Why Bolton Council struggling to recruit enough housing officers - with £50 an hour demands
and live on Freeview channel 276
A council is planning to ‘grow its own’ housing professionals after being left unable to recruit enough trained staff. Bolton Council is to invest £140,000 in creating two apprentice positions to work in housing and environmental health after staff at the authority left due to incentive packages being offered elsewhere in Greater Manchester which include more pay and holidays.
The council said the inability to recruit staff means it is suffering ‘exceptional challenges in meeting statutory enforcement requirements’. They said that hiring agency staff to fill the roles was also proving difficult, with hourly pay rates of more than £50 being quoted for the few available.
The housing standards team at the council, which monitors and enforces the health and safety of homes in the borough are currently operating five positions below the their required number of 12 staff. Vacant positions, which the council are trying to fill, include two environmental health officers , a technical officer, a empty homes co-ordinator and a management support worker.
A report to the cabinet member for adults and housing, said: “Bolton Council’s housing standards team is currently experiencing under staffing of qualified technical and environmental health officer staff. This is presenting exceptional service challenges in meeting statutory enforcement requirements.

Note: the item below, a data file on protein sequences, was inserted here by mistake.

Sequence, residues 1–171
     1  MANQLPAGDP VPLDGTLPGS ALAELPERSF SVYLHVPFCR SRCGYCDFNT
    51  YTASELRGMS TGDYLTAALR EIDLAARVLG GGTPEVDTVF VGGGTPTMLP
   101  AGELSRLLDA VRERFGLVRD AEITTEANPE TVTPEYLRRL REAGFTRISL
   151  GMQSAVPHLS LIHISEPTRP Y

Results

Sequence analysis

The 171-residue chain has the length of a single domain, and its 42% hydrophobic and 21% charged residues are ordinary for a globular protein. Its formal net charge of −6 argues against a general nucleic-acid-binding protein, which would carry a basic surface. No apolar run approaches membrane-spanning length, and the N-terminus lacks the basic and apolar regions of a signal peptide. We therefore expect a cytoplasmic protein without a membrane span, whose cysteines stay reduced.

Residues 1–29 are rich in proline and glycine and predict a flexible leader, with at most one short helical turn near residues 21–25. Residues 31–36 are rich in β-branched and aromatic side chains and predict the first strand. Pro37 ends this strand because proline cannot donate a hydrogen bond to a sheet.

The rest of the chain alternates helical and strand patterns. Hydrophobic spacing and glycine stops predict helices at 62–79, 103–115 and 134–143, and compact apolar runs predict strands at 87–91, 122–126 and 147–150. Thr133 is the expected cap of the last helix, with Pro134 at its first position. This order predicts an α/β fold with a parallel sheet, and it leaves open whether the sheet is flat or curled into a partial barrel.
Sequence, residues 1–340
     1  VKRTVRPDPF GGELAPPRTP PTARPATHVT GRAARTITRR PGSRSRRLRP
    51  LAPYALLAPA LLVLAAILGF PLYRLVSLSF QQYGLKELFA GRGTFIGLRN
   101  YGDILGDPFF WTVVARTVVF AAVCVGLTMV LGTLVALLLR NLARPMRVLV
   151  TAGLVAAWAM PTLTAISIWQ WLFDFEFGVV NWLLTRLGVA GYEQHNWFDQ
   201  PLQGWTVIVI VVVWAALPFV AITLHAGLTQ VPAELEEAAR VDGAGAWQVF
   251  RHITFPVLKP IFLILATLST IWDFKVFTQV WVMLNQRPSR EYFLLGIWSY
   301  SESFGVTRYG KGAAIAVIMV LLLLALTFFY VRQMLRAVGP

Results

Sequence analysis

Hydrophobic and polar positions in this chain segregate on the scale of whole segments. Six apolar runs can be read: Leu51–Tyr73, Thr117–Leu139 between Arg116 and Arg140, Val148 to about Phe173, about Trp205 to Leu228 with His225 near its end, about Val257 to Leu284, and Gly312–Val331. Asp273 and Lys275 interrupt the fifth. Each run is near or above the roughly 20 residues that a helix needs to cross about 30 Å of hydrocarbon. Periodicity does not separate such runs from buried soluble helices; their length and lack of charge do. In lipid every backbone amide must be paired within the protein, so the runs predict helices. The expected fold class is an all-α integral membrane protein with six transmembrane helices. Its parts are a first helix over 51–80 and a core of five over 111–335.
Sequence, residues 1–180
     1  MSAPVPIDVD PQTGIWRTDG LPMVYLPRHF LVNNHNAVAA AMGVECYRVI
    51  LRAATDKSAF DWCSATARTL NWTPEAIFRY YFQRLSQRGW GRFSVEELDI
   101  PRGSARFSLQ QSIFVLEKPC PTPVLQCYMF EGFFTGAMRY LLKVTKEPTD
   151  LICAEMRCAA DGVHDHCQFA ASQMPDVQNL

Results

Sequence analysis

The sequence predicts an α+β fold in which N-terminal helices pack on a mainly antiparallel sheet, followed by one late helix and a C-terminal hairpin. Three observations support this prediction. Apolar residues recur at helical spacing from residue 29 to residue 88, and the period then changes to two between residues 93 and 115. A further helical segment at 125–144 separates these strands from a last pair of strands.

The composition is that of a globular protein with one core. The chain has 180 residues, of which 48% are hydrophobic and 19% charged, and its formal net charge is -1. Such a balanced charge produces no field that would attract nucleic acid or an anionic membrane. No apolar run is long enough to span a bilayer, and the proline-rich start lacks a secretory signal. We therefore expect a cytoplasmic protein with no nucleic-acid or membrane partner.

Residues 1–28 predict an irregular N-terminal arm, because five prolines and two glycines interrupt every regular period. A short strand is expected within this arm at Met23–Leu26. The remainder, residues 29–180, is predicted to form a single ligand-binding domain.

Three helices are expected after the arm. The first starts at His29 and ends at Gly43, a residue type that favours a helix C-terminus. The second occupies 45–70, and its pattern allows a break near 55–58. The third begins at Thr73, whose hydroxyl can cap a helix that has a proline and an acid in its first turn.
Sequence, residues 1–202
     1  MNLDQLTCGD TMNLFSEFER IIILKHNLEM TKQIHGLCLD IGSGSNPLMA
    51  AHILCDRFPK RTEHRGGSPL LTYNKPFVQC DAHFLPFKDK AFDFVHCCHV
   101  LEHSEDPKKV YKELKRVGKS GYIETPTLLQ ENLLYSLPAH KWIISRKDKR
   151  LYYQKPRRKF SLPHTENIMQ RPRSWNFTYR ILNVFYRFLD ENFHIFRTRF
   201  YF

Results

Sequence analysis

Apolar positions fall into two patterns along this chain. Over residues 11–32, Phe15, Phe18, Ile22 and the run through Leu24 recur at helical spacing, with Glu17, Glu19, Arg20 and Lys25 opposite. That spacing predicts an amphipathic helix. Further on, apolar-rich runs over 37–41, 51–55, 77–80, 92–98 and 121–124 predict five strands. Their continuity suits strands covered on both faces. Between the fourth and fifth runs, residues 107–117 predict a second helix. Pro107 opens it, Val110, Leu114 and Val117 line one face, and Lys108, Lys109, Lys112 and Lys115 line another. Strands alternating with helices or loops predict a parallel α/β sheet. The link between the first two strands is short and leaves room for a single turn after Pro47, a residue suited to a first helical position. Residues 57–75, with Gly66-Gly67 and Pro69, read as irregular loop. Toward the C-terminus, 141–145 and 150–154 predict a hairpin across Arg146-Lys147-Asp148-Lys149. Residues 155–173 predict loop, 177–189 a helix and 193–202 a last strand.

“The team is currently several staff under establishment with continuing difficulties with recruitment and retention. Even attracting suitable agency staff has proved extremely challenging, with the few available being offered at £50 per hour or more.
“Despite ongoing attempts, we have been unable to secure agency cover for our administrative post. We did recruit one person, but they left due to finding a higher paid role.”
To help tackle the recruitment crisis, the council has agreed to fund two apprentices over the next three years will need an investment of £140,000.
The report, said: “Although the apprentice roles are not a direct replacement for experienced professional staff and they bring with them a major training commitment, over the longer term they may provide a valuable asset as part of the ‘grow your own’ approach.
Another £40,000 to fund the apprenticeships will come from the Greater Manchester Good Landlord Scheme which aims to improve the private rented sector across the region. The planned start of the apprenticeships is March this year and recruitment is ongoing.